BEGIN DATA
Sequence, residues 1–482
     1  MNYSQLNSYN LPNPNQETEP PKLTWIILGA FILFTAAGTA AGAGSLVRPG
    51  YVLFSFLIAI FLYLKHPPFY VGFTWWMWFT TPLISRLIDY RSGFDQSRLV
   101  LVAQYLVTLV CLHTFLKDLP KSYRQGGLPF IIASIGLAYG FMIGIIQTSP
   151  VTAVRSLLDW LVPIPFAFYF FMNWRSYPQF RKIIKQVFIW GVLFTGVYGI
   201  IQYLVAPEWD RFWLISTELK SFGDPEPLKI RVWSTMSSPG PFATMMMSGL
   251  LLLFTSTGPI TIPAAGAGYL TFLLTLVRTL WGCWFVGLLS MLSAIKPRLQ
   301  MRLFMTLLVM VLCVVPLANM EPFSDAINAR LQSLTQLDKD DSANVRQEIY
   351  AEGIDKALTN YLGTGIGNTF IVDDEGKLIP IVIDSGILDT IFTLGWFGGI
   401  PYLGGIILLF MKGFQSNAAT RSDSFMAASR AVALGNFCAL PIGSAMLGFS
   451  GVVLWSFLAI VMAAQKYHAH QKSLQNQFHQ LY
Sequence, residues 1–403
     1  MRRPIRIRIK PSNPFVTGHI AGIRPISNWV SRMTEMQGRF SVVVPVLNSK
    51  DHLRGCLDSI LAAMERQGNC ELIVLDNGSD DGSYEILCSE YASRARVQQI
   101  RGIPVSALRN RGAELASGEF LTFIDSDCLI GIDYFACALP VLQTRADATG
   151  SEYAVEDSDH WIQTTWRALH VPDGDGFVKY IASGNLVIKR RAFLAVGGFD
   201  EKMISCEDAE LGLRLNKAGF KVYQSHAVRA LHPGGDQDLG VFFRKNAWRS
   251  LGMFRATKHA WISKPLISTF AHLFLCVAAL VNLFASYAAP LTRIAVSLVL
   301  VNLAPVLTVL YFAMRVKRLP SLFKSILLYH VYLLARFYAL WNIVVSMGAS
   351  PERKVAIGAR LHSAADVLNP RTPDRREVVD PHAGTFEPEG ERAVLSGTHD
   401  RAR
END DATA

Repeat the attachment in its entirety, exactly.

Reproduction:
Sequence, residues 1–482
     1  MNYSQLNSYN LPNPNQETEP PKLTWIILGA FILFTAAGTA AGAGSLVRPG
    51  YVLFSFLIAI FLYLKHPPFY VGFTWWMWFT TPLISRLIDY RSGFDQSRLV
   101  LVAQYLVTLV CLHTFLKDLP KSYRQGGLPF IIASIGLAYG FMIGIIQTSP
   151  VTAVRSLLDW LVPIPFAFYF FMNWRSYPQF RKIIKQVFIW GVLFTGVYGI
   201  IQYLVAPEWD RFWLISTELK SFGDPEPLKI RVWSTMSSPG PFATMMMSGL
   251  LLLFTSTGPI TIPAAGAGYL TFLLTLVRTL WGCWFVGLLS MLSAIKPRLQ
   301  MRLFMTLLVM VLCVVPLANM EPFSDAINAR LQSLTQLDKD DSANVRQEIY
   351  AEGIDKALTN YLGTGIGNTF IVDDEGKLIP IVIDSGILDT IFTLGWFGGI
   401  PYLGGIILLF MKGFQSNAAT RSDSFMAASR AVALGNFCAL PIGSAMLGFS
   451  GVVLWSFLAI VMAAQKYHAH QKSLQNQFHQ LY
Sequence, residues 1–403
     1  MRRPIRIRIK PSNPFVTGHI AGIRPISNWV SRMTEMQGRF SVVVPVLNSK
    51  DHLRGCLDSI LAAMERQGNC ELIVLDNGSD DGSYEILCSE YASRARVQQI
   101  RGIPVSALRN RGAELASGEF LTFIDSDCLI GIDYFACALP VLQTRADATG
   151  SEYAVEDSDH WIQTTWRALH VPDGDGFVKY IASGNLVIKR RAFLAVGGFD
   201  EKMISCEDAE LGLRLNKAGF KVYQSHAVRA LHPGGDQDLG VFFRKNAWRS
   251  LGMFRATKHA WISKPLISTF AHLFLCVAAL VNLFASYAAP LTRIAVSLVL
   301  VNLAPVLTVL YFAMRVKRLP SLFKSILLYH VYLLARFYAL WNIVVSMGAS
   351  PERKVAIGAR LHSAADVLNP RTPDRREVVD PHAGTFEPEG ERAVLSGTHD
   401  RAR